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Linux mint MATE kernel updates needed?


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#1 rp88

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Posted 10 December 2017 - 12:20 PM

I've heard news recently about various vulnerabilities discovered in linux kernels, and so am updating my linux mint installation. But in the update manager there are some level 4 and level 5 updates (this is a 17.3 version of mint, I'm not sure how to upgrade it to 18.x without wiping it all) for "xorg-server(2:1.15.1-0ubuntu2.11)", "linux(3.13.0-137.186)" and "linux-firmware(1.127.24)" all bearing the red exclamation mark of a security patch. But I know that level 4 and 5 updates generally risk causing crashes or hardware incompatibilities so what is to be done? I've never tried to do any level 4 or 5 updates on mint but am wondering whether I am supposed to.

What is the general practice for keeping linux mint secure when a kernel vulnerability (which being a kernel problem surely affects all linux distros) gets reported in the news.

Edited by rp88, 10 December 2017 - 12:21 PM.

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#2 MadmanRB

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Posted 10 December 2017 - 12:40 PM

I would update the kernel.

The story of breakages come if you have certain hardware.

Got a old Nvidia or AMD gpu?

Regardless its safe enough to go with the level 4 and 5 updates in mint as long as you are aware what hardware you have.


Edited by MadmanRB, 10 December 2017 - 12:40 PM.

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#3 rp88

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Posted 10 December 2017 - 01:22 PM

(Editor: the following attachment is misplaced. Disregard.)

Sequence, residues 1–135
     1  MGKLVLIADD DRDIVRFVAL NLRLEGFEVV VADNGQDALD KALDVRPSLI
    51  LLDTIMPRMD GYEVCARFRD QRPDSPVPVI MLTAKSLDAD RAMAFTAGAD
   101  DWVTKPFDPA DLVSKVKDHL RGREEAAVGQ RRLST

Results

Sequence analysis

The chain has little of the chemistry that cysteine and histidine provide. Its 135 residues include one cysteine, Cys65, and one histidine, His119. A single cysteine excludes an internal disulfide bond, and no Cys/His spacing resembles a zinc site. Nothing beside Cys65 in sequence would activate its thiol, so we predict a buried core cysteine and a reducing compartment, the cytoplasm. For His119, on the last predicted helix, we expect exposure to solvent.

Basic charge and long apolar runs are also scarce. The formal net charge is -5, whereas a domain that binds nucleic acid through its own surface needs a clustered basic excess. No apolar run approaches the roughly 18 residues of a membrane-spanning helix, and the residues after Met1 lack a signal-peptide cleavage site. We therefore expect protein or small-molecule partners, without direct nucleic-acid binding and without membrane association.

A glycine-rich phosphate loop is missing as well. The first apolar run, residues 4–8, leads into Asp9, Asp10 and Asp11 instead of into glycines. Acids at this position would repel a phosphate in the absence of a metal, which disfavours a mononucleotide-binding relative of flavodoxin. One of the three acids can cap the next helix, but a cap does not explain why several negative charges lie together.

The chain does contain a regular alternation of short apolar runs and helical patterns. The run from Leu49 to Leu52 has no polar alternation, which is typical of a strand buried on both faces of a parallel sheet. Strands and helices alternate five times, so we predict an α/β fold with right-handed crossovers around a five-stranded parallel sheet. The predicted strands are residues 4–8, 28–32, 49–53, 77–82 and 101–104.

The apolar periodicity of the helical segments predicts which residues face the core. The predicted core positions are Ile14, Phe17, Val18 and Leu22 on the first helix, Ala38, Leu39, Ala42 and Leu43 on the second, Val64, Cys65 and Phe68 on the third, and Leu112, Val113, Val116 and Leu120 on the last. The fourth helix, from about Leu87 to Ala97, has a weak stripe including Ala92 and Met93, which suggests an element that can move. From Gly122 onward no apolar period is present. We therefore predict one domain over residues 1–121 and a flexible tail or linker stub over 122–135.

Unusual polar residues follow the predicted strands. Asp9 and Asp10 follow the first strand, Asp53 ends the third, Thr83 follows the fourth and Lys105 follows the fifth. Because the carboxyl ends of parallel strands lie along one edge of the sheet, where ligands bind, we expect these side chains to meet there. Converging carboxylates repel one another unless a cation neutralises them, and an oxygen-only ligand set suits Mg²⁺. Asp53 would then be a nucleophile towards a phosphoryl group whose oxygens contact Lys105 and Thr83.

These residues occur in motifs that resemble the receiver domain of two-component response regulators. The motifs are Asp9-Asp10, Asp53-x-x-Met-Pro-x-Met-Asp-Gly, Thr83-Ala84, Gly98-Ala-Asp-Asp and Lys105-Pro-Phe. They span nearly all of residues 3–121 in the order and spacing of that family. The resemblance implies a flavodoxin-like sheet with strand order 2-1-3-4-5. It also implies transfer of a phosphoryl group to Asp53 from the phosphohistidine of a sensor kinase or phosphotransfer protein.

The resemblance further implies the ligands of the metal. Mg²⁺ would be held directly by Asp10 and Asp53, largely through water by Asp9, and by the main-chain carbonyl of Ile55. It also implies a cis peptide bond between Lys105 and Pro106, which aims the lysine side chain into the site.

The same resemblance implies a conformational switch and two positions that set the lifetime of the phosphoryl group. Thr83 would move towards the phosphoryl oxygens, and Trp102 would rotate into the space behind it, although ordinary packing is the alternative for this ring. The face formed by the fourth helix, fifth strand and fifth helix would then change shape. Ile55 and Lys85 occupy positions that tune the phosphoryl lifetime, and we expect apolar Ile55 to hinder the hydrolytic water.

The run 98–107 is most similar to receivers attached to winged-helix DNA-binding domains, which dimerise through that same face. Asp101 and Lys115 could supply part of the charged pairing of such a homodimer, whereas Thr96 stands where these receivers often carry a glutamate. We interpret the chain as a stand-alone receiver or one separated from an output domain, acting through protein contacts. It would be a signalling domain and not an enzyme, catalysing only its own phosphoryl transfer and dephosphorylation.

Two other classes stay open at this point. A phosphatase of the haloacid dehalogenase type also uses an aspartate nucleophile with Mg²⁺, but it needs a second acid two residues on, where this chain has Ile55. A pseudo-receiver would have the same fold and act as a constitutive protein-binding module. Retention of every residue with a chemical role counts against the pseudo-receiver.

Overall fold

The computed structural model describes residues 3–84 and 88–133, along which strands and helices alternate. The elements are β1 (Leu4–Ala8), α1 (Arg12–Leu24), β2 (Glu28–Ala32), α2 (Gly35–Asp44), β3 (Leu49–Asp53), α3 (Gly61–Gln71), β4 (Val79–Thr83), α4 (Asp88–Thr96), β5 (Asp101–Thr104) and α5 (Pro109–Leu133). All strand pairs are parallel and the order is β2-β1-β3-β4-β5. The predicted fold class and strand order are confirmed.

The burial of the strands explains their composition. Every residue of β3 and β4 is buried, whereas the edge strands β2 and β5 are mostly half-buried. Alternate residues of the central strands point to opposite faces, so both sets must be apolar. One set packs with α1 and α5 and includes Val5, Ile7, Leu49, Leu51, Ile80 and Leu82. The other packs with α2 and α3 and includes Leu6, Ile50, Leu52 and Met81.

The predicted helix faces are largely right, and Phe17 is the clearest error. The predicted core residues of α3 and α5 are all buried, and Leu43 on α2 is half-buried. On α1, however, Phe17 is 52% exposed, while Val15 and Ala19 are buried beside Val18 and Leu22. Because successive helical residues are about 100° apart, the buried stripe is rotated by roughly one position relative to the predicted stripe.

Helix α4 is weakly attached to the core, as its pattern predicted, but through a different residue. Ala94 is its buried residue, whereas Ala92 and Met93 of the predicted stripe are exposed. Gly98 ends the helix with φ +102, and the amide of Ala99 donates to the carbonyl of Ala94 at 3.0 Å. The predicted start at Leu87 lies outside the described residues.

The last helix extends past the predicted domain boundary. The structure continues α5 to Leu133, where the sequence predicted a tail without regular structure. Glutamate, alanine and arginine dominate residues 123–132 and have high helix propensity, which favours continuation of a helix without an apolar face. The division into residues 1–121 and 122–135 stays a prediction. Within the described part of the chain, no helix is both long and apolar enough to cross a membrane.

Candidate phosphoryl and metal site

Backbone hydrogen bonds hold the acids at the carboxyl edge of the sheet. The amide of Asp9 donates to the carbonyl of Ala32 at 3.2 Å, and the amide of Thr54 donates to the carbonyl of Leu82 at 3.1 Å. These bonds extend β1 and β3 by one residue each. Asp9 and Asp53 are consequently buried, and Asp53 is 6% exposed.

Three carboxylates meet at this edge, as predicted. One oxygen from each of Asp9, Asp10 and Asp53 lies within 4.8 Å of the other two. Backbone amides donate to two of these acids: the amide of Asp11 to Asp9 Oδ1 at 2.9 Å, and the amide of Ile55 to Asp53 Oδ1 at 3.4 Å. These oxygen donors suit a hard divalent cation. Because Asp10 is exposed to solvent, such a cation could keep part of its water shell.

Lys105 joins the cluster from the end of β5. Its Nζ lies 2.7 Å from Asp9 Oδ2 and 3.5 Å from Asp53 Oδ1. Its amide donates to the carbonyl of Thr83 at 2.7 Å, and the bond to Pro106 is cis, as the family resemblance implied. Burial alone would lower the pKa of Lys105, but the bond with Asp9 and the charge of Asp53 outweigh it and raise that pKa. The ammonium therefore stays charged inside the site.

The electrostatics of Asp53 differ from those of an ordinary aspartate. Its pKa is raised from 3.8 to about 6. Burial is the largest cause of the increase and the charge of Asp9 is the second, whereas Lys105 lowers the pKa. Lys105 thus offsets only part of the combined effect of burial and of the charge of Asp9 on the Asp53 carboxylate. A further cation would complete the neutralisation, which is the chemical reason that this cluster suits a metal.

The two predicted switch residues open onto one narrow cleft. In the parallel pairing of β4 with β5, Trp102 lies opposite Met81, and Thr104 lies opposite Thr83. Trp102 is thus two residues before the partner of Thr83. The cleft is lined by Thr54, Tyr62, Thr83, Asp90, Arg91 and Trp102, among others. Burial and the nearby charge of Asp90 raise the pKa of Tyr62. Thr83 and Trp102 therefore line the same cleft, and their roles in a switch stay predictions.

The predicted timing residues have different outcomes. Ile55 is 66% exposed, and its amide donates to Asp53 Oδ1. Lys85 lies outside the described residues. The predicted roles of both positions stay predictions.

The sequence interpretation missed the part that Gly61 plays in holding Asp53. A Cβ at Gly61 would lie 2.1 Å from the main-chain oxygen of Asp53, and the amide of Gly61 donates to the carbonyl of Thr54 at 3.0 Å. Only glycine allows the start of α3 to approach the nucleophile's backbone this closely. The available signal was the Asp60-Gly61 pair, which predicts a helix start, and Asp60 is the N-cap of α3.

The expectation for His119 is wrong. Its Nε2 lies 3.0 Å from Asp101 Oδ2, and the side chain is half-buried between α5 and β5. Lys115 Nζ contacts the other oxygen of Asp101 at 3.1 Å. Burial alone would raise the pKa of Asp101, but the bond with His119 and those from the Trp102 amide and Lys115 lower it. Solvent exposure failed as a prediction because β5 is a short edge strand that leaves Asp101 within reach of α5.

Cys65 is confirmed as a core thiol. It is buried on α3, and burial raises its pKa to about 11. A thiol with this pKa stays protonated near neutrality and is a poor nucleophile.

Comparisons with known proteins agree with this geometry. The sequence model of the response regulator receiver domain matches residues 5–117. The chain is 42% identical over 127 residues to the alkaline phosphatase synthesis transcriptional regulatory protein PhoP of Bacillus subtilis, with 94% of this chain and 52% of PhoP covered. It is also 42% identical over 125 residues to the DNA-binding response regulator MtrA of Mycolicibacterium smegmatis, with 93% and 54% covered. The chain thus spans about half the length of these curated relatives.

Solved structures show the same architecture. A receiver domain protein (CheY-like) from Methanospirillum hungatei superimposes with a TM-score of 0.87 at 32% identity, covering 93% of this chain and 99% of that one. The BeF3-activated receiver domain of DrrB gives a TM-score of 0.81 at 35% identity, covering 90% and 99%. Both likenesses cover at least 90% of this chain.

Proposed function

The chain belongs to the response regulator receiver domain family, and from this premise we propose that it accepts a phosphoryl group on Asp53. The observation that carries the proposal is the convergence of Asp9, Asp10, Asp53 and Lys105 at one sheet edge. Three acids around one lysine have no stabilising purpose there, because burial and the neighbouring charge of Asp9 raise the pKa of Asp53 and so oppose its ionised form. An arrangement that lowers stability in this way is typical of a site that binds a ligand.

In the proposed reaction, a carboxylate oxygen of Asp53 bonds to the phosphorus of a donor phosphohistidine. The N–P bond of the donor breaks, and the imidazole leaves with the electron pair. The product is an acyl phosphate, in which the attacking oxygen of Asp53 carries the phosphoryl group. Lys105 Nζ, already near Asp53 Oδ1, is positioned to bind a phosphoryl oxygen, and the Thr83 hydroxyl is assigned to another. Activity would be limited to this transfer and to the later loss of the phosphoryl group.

I have an intel i3 chip, no GPU or graphics card, nothing from Nvidia or AMD.
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My systems:2 laptops, intel i3 processors, windows 8.1 installed on the hard-drive and linux mint 17.3 MATE installed to USB

#4 rp88

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Posted 10 December 2017 - 01:23 PM

I take it that the absolute worst case is that if I do these updates and they go wrong then I ruin my linux OS which is running off a USB, but my computer's inbuilt low level BIOS and firmware and such will not be altered, my windows install will keep working, and any linux USB I have which hasn't been given the problem update will also be fine to boot from. Is this correct?
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My systems:2 laptops, intel i3 processors, windows 8.1 installed on the hard-drive and linux mint 17.3 MATE installed to USB

#5 Al1000

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Posted 10 December 2017 - 02:24 PM

Worst case scenario is the new kernel won't work, and you'll have to revert to the previous one.

#6 MadmanRB

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Posted 10 December 2017 - 06:29 PM

Indeed and if you're only running integrated Intel Graphics you should be just fine

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#7 rp88

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Posted 11 December 2017 - 04:31 PM

The fact that one of the updates calls itself "firmware" doesn't mean it's going to change the firmware of any of my internal hardware (the harddrive's firmware, the CPUs, the BIOS/UEFI, the ethernet port's firmware or the USB ports' firmware...), it just means it's the lowest level bit of the new kernel?